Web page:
|Topic Review (Newest First)|
|09-23-2010 06:04 AM|
Re: Building a 72L Aquarium stand - Completed - New pics (9/22)
Thanks EKLiu. That was the idea.
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|09-23-2010 03:35 AM|
|EKLiu||Nice job. The frosted glass doors look really nice. Much more interesting than the monolithic ADA style stands.|
|09-23-2010 12:21 AM|
Final Chapter. Or is it?
Since my last post a month back, fixing the glass doors took most of my time. Wanting to keep the doors inset of the frame, I did not consider the revolving area required at the hinged end while ordering the glass. As a result I had to cut of a good 1/4" X1/4" along the entire length of the vertical columns to create the space. Now at least I am happy that I went with 4X4s instead of 2X4. Would not feel comfortable reducing that much wood from the columns from 2X4s.
Anyways, got past the hurdle, connected all the doors and end panels and the light bars. All set to go. Waiting to get my tank and substrate next week to start off.
Oh, the bummer at the end (while all done and cleaning up) was a slight knock from one of the tools to the left glass door resulting in a pretty big crack. The door's still holding but it's an eye sore and would not like to leave it that way for long. But right now money goes on other stuff, so this is how I have to start I guess! The last picture shows how big the crack is.
Glass panels. I got 1/4" acid etched glass
FInished stand with lights turned on
From the side. Notice the side panel has some space in the top. That is for running the filter pipes etc. I wanted a hole drilled, but the charges were so high, I settled for a shorter glass instead.
Oh, btw the last 2 pics were with no flash and just the overhead lights on in complete dark room. That's how bright the 20 LEDs are!
See the crack? Ouch!
|08-30-2010 01:37 AM|
|malaybiswas||Thank you guys. Yes I understand it is overbuilt|
|08-30-2010 12:56 AM|
Originally Posted by Green Leaf Aquariums View Post
|08-29-2010 11:55 PM|
|Green Leaf Aquariums||You could hold up a Volkswagen with that stand no problem.|
|08-29-2010 11:51 PM|
Originally Posted by Dan the Man View Post
Edit: BTW, I followed your DIY stand construction. I liked that you selected a darker shade than the ADA stands.
|08-29-2010 03:36 AM|
|Dan the Man||Yeah, after building my stand using double ply 3/4" panels, I can only imagine what a stand made up of 4x4's weigh, but you can't put a price tag on peace of mind.|
|08-28-2010 08:05 PM|
The frame is constructed. It's a tad little bit off level so I need to fix that shortly. As of now, the birch plywood covers are fixed. Next off some more sanding and staining.
I stained the bottom part of the frame before I fixed the plywood since it a damn! heavy and with the whole frame together, I can no way turn it upside down and back without breaking something in the room...or in my body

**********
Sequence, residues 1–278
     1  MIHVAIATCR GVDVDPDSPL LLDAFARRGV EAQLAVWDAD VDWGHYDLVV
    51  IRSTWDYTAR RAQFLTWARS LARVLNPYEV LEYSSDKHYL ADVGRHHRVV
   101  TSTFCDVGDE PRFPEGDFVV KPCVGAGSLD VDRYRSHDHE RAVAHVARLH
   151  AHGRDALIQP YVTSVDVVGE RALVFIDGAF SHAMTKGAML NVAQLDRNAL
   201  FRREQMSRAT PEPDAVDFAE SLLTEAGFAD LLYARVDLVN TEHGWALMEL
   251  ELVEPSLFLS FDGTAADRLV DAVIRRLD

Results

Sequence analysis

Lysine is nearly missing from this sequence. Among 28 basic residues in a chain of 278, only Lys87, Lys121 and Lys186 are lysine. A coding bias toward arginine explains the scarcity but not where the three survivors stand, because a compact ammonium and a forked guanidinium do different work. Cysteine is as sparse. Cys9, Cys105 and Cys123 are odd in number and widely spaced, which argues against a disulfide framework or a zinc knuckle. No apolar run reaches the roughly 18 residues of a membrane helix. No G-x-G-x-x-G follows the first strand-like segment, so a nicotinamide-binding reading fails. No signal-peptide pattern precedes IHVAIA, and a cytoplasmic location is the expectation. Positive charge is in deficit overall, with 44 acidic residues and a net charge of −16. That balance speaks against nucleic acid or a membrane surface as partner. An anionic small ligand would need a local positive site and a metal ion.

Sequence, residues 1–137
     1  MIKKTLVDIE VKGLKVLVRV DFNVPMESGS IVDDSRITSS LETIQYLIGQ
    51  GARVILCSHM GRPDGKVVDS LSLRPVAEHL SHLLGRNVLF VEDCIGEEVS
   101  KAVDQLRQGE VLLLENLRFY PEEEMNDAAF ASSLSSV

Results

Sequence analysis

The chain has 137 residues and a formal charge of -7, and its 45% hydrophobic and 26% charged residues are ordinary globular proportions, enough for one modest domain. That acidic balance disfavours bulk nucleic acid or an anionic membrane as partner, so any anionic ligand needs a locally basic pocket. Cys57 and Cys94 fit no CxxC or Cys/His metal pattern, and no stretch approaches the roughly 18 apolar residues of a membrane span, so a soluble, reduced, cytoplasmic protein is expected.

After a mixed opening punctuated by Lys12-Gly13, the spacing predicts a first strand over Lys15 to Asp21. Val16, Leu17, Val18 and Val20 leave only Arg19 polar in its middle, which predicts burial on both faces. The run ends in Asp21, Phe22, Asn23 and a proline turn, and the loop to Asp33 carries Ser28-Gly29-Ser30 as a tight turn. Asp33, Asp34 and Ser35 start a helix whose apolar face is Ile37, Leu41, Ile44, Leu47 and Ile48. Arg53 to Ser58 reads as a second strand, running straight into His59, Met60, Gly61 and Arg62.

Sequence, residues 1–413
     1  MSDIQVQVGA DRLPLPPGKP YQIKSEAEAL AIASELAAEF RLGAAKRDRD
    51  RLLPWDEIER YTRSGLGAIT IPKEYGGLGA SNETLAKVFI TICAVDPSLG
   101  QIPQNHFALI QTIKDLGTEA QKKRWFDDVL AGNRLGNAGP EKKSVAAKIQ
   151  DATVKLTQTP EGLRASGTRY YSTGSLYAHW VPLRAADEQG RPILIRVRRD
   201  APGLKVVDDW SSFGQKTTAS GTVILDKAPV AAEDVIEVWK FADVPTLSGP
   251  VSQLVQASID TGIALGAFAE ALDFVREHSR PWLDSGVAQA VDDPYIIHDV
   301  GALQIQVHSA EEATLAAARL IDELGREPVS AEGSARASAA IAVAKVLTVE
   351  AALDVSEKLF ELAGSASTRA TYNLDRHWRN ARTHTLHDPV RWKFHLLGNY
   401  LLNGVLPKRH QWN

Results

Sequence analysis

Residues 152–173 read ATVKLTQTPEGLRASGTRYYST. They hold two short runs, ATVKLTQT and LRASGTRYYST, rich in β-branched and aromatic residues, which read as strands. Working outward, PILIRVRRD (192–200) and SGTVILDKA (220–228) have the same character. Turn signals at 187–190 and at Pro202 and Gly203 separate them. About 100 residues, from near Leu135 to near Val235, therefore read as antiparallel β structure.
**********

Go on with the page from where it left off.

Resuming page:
|08-17-2010 05:20 AM|
Originally Posted by bigboij View Post
|08-17-2010 05:20 AM|
Originally Posted by jwm5 View Post
The waxing idea may be a overkill but actaully what I am doing is lining the joints with stainable and waterproof wood glue. The reason I wanted to keep the seams glued is so that accidental spills when dealing with 50+ gallons of water change has minimal chances of reaching the lag screws. If those rust or the wood at the joint deteriorate that would be a nightmare. May be I am just being paranoid but hey better safe than sorry!!
|08-13-2010 03:53 AM|
|bigboij||Wow that is a brute stand, nice work|
|08-13-2010 01:46 AM|
|jwm5||so you put a water proof sealer on before you stain? I never heard of that. If you put the stain and a clear polyurethane coat over all the wood you should be fine, waxing all the joints/metal seems like overkill, you will unlikely ever have enough water exposure to the stand to need those extras.|
|08-11-2010 09:24 PM|
Time for some construction update
This is the front side of the panel. I am attaching the cross beams alternately on top and bottom so that they can stand on their own. The back panel will have similar construct. At this stage I will haul them to the living room and connect the cross beams so that I don't have to carry the stand all together. You can see the cross beam on the top is not properly aligned. I had to fix it after this.
From the front
I figured 2 lag screws per joint is sufficient. They are heft strong and collectively supposed to hold a weight of over 1500 lbs. My whole tank will probably be between 1000 to 1500 lbs so not as much per joint. Close ups of the counter sunk pilot holes before and after the screws are fixed.
With my limited workshop, this is my best way to align the cross beams so that the surface on the top and bottom are level. You'll notice on the beam on the right, half of it is in different shade. I put water proof sealant on all the sections that will get covered in the joints before I started attaching them so that the wood surfaces inside the joint are waterproof as well. Finally, I plan to wax around the joint line so that the exposed metals are prevented from accidental contact with water.
1. One more such frame to make
2. Wax all joints
3. Cover all holes with wood filler & sand
4. Attach the plywood platforms inside and on top of the frame
5. waterproof coating and staining
6. Attach glass doors and side panels
7. Light bar
Way more to go
|08-11-2010 09:03 PM|
|malaybiswas||I had a slight setback in the construction. The 4X4s are actually 3.5X3.5 so my cross beam calculation is 1" short at 10 to make up a 18" wide stand. I had to get another beam and cut it to 11" instead before I could start back again.|
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